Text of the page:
Saturday, September 18, 2010


How many people have realized the trees are dying? Only some miniscule percentage - and yet the damage is just as visible as a gorilla in the room, once you know what to look for.
Only the rarest of fanatics doesn't acknowledge that germs cause disease.
Even though they are invisible and most people have never seen one under the microscope, it's just about universally understood that germs exist and make people ill - and can even kill them.
So why do we shy away from the fact, equally well documented in controlled scientific experiments, that invisible gases damage vegetation?
Perhaps it's the implications that make the entire topic untenable.
What will a world without trees be like? No lumber, paper, or shade; no walnuts, almonds, pecans or chestnuts; no pears or apples or olives or peaches; no maple syrup; no annual trips to view fall foliage or spring cherry blossoms; a barren landscape; and uncontrollable wildfires adding to an ever-heating climate with more frequent and more violent storms.
What will a world without plants - the bottom of the food chain - be like? Little hints like this story should be taken as a serious warning:

"A manitoba processor is calling this the worst harvest he has seen in more than 50 years.

Harry Arseniuk, who owns the Indian Head rice processing plant in Lac du Bonnet, said a rainy summer and high water levels have decimated Manitoba's wild rice crop.

Usually his plant is in full swing in early September, drying and processing wild rice harvested from Manitoba lakes.

'But this year the rice pickers have nothing to collect,' he said.

'It's just terrible. I've got the processing plant here and I'm sitting here and not one kernel of rice here. Nobeody's coming in with any,' said Arseniuk, 87."

This year's crop loss is being blamed on high water - but what about last year?? The story concludes:

"He'd like to sell his business and retire but this is the second consecutive bad year for wild rice and he can't find a buyer."
I love this picture with the oyster sign lit up - one of the forms of life in the sea that is fast losing the ability to reproduce in the wild.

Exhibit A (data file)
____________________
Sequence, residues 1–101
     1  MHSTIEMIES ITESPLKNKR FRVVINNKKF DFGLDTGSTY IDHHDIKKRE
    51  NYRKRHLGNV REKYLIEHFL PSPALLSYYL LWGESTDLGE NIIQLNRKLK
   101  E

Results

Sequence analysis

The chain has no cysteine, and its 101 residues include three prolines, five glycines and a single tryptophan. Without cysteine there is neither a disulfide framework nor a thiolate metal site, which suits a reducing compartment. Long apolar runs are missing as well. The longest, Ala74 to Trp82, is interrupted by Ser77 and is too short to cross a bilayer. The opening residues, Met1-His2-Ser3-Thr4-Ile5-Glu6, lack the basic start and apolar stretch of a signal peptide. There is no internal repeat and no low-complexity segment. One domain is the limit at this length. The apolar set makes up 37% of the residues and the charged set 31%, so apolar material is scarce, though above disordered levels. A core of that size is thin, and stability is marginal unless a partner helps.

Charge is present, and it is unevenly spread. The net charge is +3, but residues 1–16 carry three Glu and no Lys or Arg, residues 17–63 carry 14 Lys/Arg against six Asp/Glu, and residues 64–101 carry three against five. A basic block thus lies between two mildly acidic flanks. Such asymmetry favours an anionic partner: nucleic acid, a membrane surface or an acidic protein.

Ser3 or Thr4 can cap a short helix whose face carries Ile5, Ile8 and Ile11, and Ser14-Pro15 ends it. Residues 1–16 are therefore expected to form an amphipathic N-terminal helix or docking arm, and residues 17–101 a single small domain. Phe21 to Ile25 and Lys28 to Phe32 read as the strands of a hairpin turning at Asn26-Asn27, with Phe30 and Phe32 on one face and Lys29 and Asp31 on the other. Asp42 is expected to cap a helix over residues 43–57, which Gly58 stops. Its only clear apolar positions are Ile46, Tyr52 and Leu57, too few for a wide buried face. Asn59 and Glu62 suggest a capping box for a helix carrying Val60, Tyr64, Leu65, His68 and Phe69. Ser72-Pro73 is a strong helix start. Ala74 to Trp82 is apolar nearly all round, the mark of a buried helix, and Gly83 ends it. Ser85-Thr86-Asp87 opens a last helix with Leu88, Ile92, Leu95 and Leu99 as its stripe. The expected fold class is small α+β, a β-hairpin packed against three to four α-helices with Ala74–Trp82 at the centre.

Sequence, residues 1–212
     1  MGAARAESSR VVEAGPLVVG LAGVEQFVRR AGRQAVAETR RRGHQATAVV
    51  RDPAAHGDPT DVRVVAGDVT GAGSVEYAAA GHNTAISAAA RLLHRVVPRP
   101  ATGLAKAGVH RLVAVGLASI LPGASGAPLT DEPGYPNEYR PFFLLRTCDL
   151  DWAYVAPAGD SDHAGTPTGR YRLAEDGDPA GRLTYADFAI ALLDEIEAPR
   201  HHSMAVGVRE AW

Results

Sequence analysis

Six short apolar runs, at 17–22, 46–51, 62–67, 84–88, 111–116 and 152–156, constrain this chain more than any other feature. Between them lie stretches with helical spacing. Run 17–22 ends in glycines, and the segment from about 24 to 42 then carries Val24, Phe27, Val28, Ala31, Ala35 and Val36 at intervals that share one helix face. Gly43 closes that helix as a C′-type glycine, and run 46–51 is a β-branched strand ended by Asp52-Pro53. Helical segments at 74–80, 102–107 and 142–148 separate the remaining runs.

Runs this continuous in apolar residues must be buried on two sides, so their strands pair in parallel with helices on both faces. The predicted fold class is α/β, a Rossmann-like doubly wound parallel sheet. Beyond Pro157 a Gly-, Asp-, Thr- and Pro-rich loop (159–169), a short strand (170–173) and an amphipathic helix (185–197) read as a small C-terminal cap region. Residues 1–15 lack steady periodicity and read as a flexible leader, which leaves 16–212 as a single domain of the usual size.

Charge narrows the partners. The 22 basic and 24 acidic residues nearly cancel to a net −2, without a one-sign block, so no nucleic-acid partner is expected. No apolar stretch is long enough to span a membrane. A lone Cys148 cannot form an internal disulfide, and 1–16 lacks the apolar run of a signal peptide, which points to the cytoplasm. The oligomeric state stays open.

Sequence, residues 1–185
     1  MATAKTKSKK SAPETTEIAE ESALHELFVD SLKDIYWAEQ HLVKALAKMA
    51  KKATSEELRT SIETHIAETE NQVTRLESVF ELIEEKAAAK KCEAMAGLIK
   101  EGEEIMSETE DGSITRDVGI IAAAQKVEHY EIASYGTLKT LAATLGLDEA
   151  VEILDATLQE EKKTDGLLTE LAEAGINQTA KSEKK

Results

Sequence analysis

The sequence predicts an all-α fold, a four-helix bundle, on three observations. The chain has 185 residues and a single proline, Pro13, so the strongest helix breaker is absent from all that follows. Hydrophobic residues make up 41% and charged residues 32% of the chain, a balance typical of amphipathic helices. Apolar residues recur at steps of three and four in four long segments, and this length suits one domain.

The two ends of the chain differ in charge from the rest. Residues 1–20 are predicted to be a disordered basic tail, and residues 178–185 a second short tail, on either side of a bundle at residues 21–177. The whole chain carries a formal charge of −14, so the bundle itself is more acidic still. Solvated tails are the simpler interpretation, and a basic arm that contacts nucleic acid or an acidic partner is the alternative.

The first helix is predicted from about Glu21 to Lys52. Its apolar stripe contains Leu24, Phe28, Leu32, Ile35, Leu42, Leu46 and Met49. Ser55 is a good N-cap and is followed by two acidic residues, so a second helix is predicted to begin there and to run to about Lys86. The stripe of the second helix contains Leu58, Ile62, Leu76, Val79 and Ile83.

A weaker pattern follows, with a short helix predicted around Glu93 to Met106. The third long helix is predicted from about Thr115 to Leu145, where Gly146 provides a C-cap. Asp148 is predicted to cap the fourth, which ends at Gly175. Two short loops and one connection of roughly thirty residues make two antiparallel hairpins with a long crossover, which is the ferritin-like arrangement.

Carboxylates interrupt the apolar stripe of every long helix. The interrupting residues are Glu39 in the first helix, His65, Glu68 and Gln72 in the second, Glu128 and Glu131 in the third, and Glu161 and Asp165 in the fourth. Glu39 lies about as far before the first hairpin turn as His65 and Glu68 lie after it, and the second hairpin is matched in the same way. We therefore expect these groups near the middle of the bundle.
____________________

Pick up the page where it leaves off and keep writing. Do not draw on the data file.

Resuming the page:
These photos are all from the storm that swept through New York on Thursday, which happened to be my birthday. I wonder what the total damage claims will amount to - and how long it will be before the insurance companies take note that their industry will become insolvent from storm damages that are ultimately linked to climate change from burning fuel?
I got a card from Blingee, which said, Keep taking photos! Now how weird is that? How would Blingee know I take pictures?? The intertubes are mysterious...
For good measure, here is an article about Edward Norton's laudable efforts to preserve biodiversity, and my comment:

I think we should stop using the term biodiversity and start talking about mass extinction. Biodiversity is way too mild to communicate to people the extreme danger we face as a species, as we decimate all the other species through overharvesting, habitat destruction, pollution, and climate change.


  1. What a great message !

    In this post you showed dramatic tree falls... but you have shown us plenty of other pics of subtle damage and loss. -- or not subtle - but less dramatic.

    Once you know the gorilla is in the room, you can see it everywhere.

    thanks so much

  2. Dang. I wrote a long post and it did not post I had luck selecting the profile "google account" on another blog, but I guess I will go back to "anonymous."

    Gail - You really must put a book together. You already have one. When you said that people can't see what you see until it is pointed out to them, you wee so right. You educated me and now I see the sparse tree tops everywhere. Not so much leaf damage here in NW Arkansas, but the garden has been weird this year and lots of leaf damage there. I have not a lot of blooms that do not fruit, and there are plenty of pollinators. Wait a minute. Only on the weeds. I don't see them on the veggies, now that I think about it.

    There have been news reports about possible crop damage from corexit as far as Missouri. You know - the oil dispersant they used in the gulf. It is one of the most toxic chemicals they have ever released. Let me reword that. The crop damage is extensive in the Memphis area. It is definite. They are unsure of the cause, although I think one report did have a test that proved it was corexit. So I am wondering about my garden veggies. I already lost one year to Monsanto. I bought hay for mulch that had been sprayed (unbeknownst to me) and it killed the whole garden. I read that it was supposed to break down and guess what? It didn't.

    So Gail. Please seriously consider doing a book. Just put the blog posts together. If you can switch to wordpress, you can sell it on your blog. Put a donation button on there, too.

    Thank you so much for doing this. I sure do appreciate it.

  3. Awesome, as usual, Gail! Thanks for all you do!

  4. That gorilla test is very humbling.


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